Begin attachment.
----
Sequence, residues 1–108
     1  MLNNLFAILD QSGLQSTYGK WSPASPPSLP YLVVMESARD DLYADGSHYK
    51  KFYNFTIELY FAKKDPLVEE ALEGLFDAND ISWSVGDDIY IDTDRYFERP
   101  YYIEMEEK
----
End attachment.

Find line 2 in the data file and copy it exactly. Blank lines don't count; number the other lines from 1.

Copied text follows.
     1  MLNNLFAILD QSGLQSTYGK WSPASPPSLP YLVVMESARD DLYADGSHYK